United States District Court, D. Connecticut
INITIAL REVIEW ORDER
MICHAEL P. SHEA UNITED STATES DISTRICT JUDGE.
Clarence Patterson incarcerated at the Cheshire Correctional
Institution in Cheshire, Connecticut, filed this case under
42 U.S.C. § 1983. He contends that the defendant, Dr.
Bruce Lichtenstein, was deliberately indifferent to his
serious dental needs and retaliated against him. Patterson
seeks damages from the defendant in his individual capacity.
Court must review prisoner civil complaints and dismiss any
portion of the complaint that is frivolous or malicious, that
fails to state a claim upon which relief may be granted, or
that seeks monetary relief from a defendant who is immune
from such relief. 28 U.S.C. § 1915A. This requirement
applies to all prisoner filings regardless whether the
prisoner pays the filing fee. Nicholson v.
Lenczewski, 356 F.Supp.2d 157, 159 (D. Conn. 2005)
(citing Carr v. Dvorin, 171 F.3d 115 (2d Cir. 1999)
(per curiam)). Here, the plaintiff has paid the filing fee.
detailed allegations are not required, the complaint must
include sufficient facts to afford the defendants fair notice
of the claims and the grounds upon which they are based and
to demonstrate a plausible right to relief. Bell Atlantic
v. Twombly, 550 U.S. 544, 555-56 (2007). Conclusory
allegations are not sufficient. Ashcroft v. Iqbal,
556 U.S. 662, 678 (2009). The plaintiff must plead
“enough facts to state a claim to relief that is
plausible on its face.” Twombly, 550 U.S. at
570. “A claim has facial plausibility when a plaintiff
pleads factual content that allows the court to draw the
reasonable inference that the defendant is liable for the
misconduct alleged.” Ashcroft v. Iqbal, 556
U.S. 662, 678 (2009) (internal quotation marks and citations
omitted). The Court must construe pro se pleadings
liberally, Harris v. Mills, 572 F.3d 66, 72 (2d Cir.
2009), and interpret them to raise the “strongest
arguments that they suggest.” Triestman v. Fed.
Bureau of Prisons, 470 F.3d 471, 472 (2d Cir. 2006). To
plead a cognizable legal claim, however, a pro se
plaintiff must meet the standard of facial plausibility.
See Hogan v. Fischer, 738 F.3d 509, 515 (2d Cir.
2013) (“[A] pro se complaint must state a
plausible claim for relief.”) (citing Harris v.
Mills, 572 F.3d 66, 73 (2d Cir. 2009)).
and 2010, the plaintiff was confined at Garner Correctional
Institution. ECF No. 1, ¶ 12. During that time, Dr.
Lichtenstein began a root canal procedure on one of the
plaintiff's molars. Id., ¶¶ 13, 134.
The University of Connecticut Correctional Managed Health
Care Dental Manual prohibited root canals on molars.
Id., ¶ 14 & Ex. 1A-Z. When Dr. Lichtenstein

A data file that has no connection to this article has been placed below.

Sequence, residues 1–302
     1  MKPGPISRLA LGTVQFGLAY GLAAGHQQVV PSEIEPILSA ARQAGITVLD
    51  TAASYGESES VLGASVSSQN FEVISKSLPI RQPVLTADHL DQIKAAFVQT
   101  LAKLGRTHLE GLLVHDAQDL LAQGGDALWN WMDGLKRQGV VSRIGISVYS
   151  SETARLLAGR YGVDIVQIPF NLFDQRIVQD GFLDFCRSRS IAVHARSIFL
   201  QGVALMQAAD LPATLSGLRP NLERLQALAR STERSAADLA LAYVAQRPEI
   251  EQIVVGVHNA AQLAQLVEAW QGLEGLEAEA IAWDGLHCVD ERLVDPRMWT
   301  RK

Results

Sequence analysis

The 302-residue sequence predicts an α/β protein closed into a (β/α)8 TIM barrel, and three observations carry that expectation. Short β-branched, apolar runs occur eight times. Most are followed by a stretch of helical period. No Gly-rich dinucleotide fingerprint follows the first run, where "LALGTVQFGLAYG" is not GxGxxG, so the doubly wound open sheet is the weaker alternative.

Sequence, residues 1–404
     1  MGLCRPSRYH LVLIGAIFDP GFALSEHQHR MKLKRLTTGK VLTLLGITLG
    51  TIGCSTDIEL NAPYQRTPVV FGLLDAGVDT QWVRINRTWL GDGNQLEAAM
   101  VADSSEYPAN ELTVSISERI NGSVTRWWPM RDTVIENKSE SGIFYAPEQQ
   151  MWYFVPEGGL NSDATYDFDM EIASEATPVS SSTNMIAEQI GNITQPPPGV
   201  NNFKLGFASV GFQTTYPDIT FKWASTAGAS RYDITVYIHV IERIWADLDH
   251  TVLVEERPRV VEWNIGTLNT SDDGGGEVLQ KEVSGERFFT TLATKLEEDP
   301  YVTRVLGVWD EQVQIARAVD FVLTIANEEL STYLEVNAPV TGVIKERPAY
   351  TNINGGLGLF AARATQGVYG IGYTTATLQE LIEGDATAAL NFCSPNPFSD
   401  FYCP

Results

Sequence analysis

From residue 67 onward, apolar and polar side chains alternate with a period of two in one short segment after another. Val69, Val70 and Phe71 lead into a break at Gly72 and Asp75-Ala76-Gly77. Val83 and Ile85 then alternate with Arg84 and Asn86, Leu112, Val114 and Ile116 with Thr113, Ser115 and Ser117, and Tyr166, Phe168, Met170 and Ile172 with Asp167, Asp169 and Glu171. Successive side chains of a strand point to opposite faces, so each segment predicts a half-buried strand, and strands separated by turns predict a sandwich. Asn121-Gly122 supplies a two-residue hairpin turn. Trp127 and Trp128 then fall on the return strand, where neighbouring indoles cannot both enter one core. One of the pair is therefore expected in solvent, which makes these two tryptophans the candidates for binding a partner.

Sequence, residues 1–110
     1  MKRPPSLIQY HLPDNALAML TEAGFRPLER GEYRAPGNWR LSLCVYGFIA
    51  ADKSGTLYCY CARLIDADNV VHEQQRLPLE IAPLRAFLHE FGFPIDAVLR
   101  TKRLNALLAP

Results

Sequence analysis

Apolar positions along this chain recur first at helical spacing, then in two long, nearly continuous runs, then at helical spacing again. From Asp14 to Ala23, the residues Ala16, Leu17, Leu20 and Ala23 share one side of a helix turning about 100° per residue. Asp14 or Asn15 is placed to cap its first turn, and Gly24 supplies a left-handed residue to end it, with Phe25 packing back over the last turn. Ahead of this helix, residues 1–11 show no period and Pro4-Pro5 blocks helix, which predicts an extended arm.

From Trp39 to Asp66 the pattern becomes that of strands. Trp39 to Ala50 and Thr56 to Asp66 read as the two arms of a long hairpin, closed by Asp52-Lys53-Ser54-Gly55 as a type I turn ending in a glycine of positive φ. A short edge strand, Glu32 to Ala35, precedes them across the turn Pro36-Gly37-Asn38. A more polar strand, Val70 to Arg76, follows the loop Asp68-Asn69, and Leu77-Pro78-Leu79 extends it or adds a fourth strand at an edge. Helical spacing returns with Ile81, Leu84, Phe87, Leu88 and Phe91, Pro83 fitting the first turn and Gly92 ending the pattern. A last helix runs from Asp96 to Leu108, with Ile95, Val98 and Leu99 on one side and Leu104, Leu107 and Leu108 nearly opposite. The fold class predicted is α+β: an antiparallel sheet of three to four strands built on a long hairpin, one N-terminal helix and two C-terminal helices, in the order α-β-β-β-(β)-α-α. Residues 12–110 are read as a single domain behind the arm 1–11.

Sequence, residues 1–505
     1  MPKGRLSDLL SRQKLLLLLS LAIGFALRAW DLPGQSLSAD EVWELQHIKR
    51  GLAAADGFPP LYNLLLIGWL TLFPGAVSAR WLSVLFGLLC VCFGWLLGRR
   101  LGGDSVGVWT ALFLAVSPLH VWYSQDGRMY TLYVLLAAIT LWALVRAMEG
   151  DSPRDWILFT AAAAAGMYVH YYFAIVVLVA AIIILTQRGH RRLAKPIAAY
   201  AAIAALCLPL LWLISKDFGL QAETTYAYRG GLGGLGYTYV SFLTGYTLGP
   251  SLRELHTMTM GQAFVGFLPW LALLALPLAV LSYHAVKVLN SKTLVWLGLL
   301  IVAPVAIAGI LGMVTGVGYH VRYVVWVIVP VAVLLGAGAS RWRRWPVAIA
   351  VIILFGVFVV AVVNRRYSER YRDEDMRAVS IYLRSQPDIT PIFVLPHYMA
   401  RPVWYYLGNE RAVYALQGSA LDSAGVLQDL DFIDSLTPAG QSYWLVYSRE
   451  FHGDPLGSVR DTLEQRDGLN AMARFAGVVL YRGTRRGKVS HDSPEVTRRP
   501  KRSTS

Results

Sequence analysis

had completed half of the procedure, the plaintiff confronted
Dr. Lichtenstein about the unauthorized procedure and accused
Dr. Lichtenstein of using the plaintiff as a “test
dummy.” Id., ¶¶ 15, 135. The
accusation caused Dr. Lichtenstein to become angry.
Id., ¶ 16.
after this incident, the plaintiff was transferred to
Cheshire Correctional Institution without the root canal
procedure being finished. Id., ¶¶ 17, 138.
The plaintiff believes that Dr. Lichtenstein was responsible
for the transfer. Id., ¶ 136. Dr. Lichtenstein
included no information in the transfer summary to notify
staff about the partially completed procedure. Id.,
¶¶ 20, 139.
plaintiff was transferred to MacDougall-Walker Correctional
Institution. No dentist there would complete the root canal
procedure because the procedure should not have been
performed. Id., ¶ 22. The plaintiff was in pain
and filed a lawsuit against Dr. Lichtenstein. Id.,
¶¶ 23, 142.
year later, with the root canal procedure still not
completed, the plaintiff was transferred to
Corrigan-Radgowski Correctional Institution, and then to Carl
Robinson Correctional Institution. Id., ¶¶
24-25. Correctional Managed Health Care Dental Director
Benoit and Assistant Attorney General DeAnn Varunes agreed to
have the plaintiff transferred to UConn to have the root
canal completed. Id., ¶ 26. The plaintiff
settled his lawsuit against Dr. Lichtenstein in 2013 or 2014.
Id., ¶¶ 28, 143.
21, 2018, the plaintiff had a dental appointment at Osborn
Correctional Institution. Id., ¶ 33. He
intended to have a clamp on his denture fixed. Id.,
¶ 34. The dentist told the plaintiff that, because he
had had the denture since 2008 or 2010, he was eligible for a
new denture. Id., ¶ 37. She submitted requests
to the Utilization Review Committee for repair of the clamp
and for a new set of dentures but told the plaintiff that he
could not receive both. Id., ¶¶ 38-39,
144. The plaintiff opted to wait to have his current denture
replaced until the Utilization Review Committee decided the
request for new dentures. Id., ¶ 40. The
following day, the plaintiff was transferred to Cheshire
Correctional Institution. Id., ¶¶ 41, 145.
August 8, 2018, the plaintiff's denture broke while he
was eating a sandwich. Id., ¶¶ 42, 148.
The front four teeth snapped off. Id., ¶ 43.
The following day, the plaintiff submitted a request to the
dental unit to have the denture repaired. Id. He
received a response that his name had been added to the
dental list and he would be called down in turn.
Id., ¶¶ 48-49, 151. The plaintiff
submitted a second request on August 12, 2018, stating that
his dental need was urgent because he was having difficulty
eating without the denture. Id., ¶¶ 44-46.
He also explained that, because he did not have the denture,
food was getting into his soft gums causing infection.
Id., ¶ 47. On August 19, 2018, the plaintiff
submitted a third request. Id., ¶ 149.
plaintiff was unaware that the dentist at the facility was
Dr. Lichtenstein until September 2018. Id.,
¶¶ 51, 158-59. At the time he filed this action,
the plaintiff had not yet been seen in the dental unit. He
experiences pain from swollen gums and canker sores caused by
periodontal disease. Id., ¶¶ 53-56, 150.
Dr. Lichtenstein had previously warned the ...